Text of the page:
Worldbuilding: flying cars, the end of cinema, and other predictions

I’ve been ripped off. I was meant to have a flying car by now. Where is it? They’re not hard to make…are they?

Well, kind of. You end up driving a mediocre car hampered by aircraft parts, towing its wings. Or flying a mediocre aircraft lugging the stuff it needs for road driving around in the air. Joined by 50,000 other pilot/drivers with 37 flying hours between them. Air Traffic Control has conniptions.

What about meals by pill, then? Around the turn of the twentieth century, the discovery that you could pack your daily vitamins and minerals into a few tablets offered a convenient future. By the 1920s it was axiomatic that by, oh, maybe 1983, dinner would be delivered as a handful of pills. Glug down your three-course dinner with a glass of water. Except for one problem. They couldn’t contain the calories and bulk. Doctors and dieticians pointed that out at the time. I discovered it myself when I ate emergency rations on board HMS Invincible in 1983. Glucose sweets. Not filling. But the trope’s stuck. I’ll have extra topping on my cheesecake capsule, thanks.

The Roxy cinema lobby, Miramar, Wellington – the whole facility restored to fabulous 1930s art deco condition by Peter Jackson. A photo I took in 2011.

There’s a lesson here for SF writers intending to build their own story worlds. My favourite future-prediction clanger is The Death Of The Cinema.  This was thought inevitable in the 1950s when TV appeared. Cinema survived. The next apocalypse was home VCR in the late 1970s. Then DVD. Today it’s home entertainment systems and streaming pay-to-view downloads, I am told.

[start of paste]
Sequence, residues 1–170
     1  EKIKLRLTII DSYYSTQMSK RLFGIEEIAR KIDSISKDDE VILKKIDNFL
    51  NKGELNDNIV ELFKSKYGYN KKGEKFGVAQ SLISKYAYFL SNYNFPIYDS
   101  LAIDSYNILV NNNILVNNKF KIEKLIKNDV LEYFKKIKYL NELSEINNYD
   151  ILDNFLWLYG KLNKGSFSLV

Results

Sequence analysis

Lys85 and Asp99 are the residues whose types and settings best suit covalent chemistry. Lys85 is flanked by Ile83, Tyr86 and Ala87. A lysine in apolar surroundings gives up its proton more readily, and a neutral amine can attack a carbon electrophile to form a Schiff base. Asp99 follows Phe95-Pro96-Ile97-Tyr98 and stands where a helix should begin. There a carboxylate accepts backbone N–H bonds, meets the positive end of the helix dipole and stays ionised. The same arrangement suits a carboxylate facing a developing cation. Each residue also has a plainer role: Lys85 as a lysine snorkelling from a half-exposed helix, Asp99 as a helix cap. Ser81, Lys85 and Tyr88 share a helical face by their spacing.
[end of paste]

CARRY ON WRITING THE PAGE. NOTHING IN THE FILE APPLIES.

Anybody coming to Wellington, New Zealand had better check out the Roxy Cinema in Miramar, literally just down the road from Peter Jackson’s vast movie-making empire. Quick. Before it disappears into The Inevitable Future.

And what about the Paperless Office and Cashless Society – neither of which seem likely soon. Check out this recent graph of US currency in circulation. It’s climbing. But the belief that the Cashless Society is inevitable persists – apparently it’s because we haven’t waited long enough. Get with the program.

The reason why these predictions fail is because the popular view of how society changes is framed by social Darwinistic notions of new replacing old automatically – of inevitable, directional progress, sometimes defined by a transient product or sales gimmick that seizes popular imagination.

The real world is more chaotic. Inventions sometimes re-define us, sure - but from left field. We were meant to have manned Mars rockets and megalopolis cities with aerial motorways by now. Nobody predicted how the internet and hand-held computers would re-define life instead. Except Sir Arthur C. Clarke, who devised the communications satellite in 1945. In 1964, he outlined the way cheap mass communication would change society. Then, ten years later, he absolutely nailed the internet and its social effects, in specific detail. Remember, in 1974 the world wide web and desktop PC hadn’t been invented. Be humbled. Oh – he also precisely described the functionality of the iPad. In 1968.

Clarke told us how things really work when it comes to societies changing in the face of inventions.